The work was supported by grants from Deutsche Forschungsgemeinschaft, French Agence Nationale de Recherches sur le Sida et les Hépatites Virales (ANRS), and Spanish Ministry of Science and Innovation (SAF2010-21336 and BFU2010-20803).
Article first published online: 27 JUN 2011
Copyright © 2011 American Association for the Study of Liver Diseases
Volume 54, Issue 3, pages 1111–1112, 2 September 2011
How to Cite
Ehrhardt, M., Leidinger, P., Keller, A., Baumert, T., Díez, J., Meese, E. and Meyerhans, A. (2011), Profound differences of microRNA expression patterns in hepatocytes and hepatoma cell lines commonly used in hepatitis C virus studies. Hepatology, 54: 1111–1112. doi: 10.1002/hep.24366
Potential conflict of interest: Nothing to report.
- Issue published online: 25 AUG 2011
- Article first published online: 27 JUN 2011
- Accepted manuscript online: 18 APR 2011 08:31AM EST
- Manuscript Accepted: 1 APR 2011
To the Editor:
In their recent letter to the editor, Bensadoun et al. describe a divergent IL-28B (interleukin-28B) genotype of hepatoma cell lines including Huh7 and its derivatives.1 Because these cell lines are commonly used in cell culture studies of hepatitis C virus (HCV) and the IL-28B gene polymorphism is a predictive marker for the outcome of HCV infection, their observations emphasize the importance of cautiously interpreting infection studies performed in vitro. Here, we extend their conclusions and report profound differences in the microRNA (miRNA) expression between primary human hepatocytes (PHHs) and Huh7 cell lines.
Cellular miRNAs are key regulators in posttranscriptional regulation of gene expression. They can also directly participate in virus replication or act indirectly by determining the expression level of replication cofactors. To analyze whether the commonly used Huh7 cell lines differ in their miRNA expression patterns, we screened 883 human miRNAs using the Geniom Biochip miRNA Homo sapiens (febit holding gmbh, Heidelberg, Germany). PHHs isolated from human liver resections of two different patients were used as reference. Figure 1 and Supporting Table 1 show the profound differences not only between PHHs and hepatoma cell lines but also between the cell lines. Remarkably, the liver-specific miRNA122 that directly influences HCV replication both in cell culture and in infected chimpanzees2-4 was one of the most differentially expressed miRNAs. Furthermore, predictions of the gene targets of the miRNAs from Fig. 1A by the Genetrail program (freely accessible at http://genetrail.bioinf.uni-sb.de) identified a number of host proteins whose differential expression is known or expected to influence HCV replication (see Supporting Table 2 for the complete target list). Because studies on host factor requirements for virus replication nowadays involve small interfering RNA–mediated down-regulation of candidate proteins, and the level of knockdown is influenced by protein abundance and turnover and thus miRNA composition, one would expect that the respective experimental results would be influenced by the host cells used. The recent observations of nonoverlapping screening results for HCV host factors5 may well be related to corresponding miRNA differences in the host cells.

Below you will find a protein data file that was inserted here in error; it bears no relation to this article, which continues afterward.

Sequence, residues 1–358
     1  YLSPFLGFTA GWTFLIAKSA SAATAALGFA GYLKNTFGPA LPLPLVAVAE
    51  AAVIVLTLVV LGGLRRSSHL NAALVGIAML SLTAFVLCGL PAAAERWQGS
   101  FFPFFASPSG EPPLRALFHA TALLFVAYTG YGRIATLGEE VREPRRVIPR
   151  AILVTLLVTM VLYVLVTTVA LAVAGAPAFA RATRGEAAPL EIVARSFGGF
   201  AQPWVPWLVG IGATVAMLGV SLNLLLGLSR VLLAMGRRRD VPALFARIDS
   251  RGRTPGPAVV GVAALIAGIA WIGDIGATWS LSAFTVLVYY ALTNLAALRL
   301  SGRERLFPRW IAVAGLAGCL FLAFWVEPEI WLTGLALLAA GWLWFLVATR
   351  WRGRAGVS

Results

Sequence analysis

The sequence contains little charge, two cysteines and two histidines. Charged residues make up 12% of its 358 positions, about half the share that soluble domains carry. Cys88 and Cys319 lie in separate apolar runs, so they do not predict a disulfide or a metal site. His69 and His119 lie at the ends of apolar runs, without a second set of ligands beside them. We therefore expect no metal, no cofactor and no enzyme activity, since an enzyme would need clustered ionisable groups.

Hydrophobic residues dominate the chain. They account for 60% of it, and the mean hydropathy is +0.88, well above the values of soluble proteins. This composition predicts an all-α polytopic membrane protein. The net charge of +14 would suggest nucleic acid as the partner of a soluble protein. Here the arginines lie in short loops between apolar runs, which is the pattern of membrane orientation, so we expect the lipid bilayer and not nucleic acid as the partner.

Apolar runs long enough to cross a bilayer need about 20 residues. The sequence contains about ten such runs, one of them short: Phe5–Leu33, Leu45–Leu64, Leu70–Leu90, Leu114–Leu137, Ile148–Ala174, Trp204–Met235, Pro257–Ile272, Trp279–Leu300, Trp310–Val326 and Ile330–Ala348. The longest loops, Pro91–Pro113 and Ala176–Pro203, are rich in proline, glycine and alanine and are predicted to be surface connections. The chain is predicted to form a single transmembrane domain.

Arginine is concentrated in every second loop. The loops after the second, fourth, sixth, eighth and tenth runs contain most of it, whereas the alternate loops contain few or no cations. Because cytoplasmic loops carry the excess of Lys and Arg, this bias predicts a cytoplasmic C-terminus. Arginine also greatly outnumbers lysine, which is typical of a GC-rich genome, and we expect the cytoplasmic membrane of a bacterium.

- 1Genetic background of hepatocyte cell lines: Are in vitro hepatitis C virus research data reliable? HEPATOLOGY 2011; doi:10.1002/hep.24278., , , , , .
- 2Modulation of hepatitis C virus RNA abundance by a liver-specific MicroRNA. Science 2005; 309: 1577-1581., , , , .
- 3Therapeutic silencing of microRNA-122 in primates with chronic hepatitis C virus infection. Science 2010; 327: 198-201., , , , , , et al.
- 4Cellular cofactors affecting hepatitis C virus infection and replication. Proc Natl Acad Sci U S A 2007; 104: 12884-12889., , , , , , et al.
- 5A functional genomic screen identifies cellular cofactors of hepatitis C virus replication. Cell Host Microbe 2009; 5: 298-307., , , , , , et al.
Michael Ehrhardt*, Petra Leidinger Ph.D., Andreas Keller Ph.D., Thomas F. Baumert Ph.D. §, Juana Díez Ph.D.¶, Eckart Meese Ph.D., Andreas Meyerhans Ph.D.* **, * Departments of Virology, Saarland University, Homburg, Germany, Human Genetics, Saarland University, Homburg, Germany, Institut National de la Santé et de la Recherche Médicale, Unité 748, § Université de Strasbourg, Strasbourg, France, ¶ Molecular Virology Group, Department of Experimental and Health Sciences, Universitat Pompeu Fabra, Barcelona, Spain, ** ICREA Infection Biology Group, Department of Experimental and Health Sciences, Universitat Pompeu Fabra, Barcelona, Spain.
Additional Supporting Information may be found in the online version of this article.
|HEP_24366_sm_SuppTable1.doc||1003K||Supporting Information Table 1.|
|HEP_24366_sm_SuppTable2.doc||946K||Supporting Information Table 2.|
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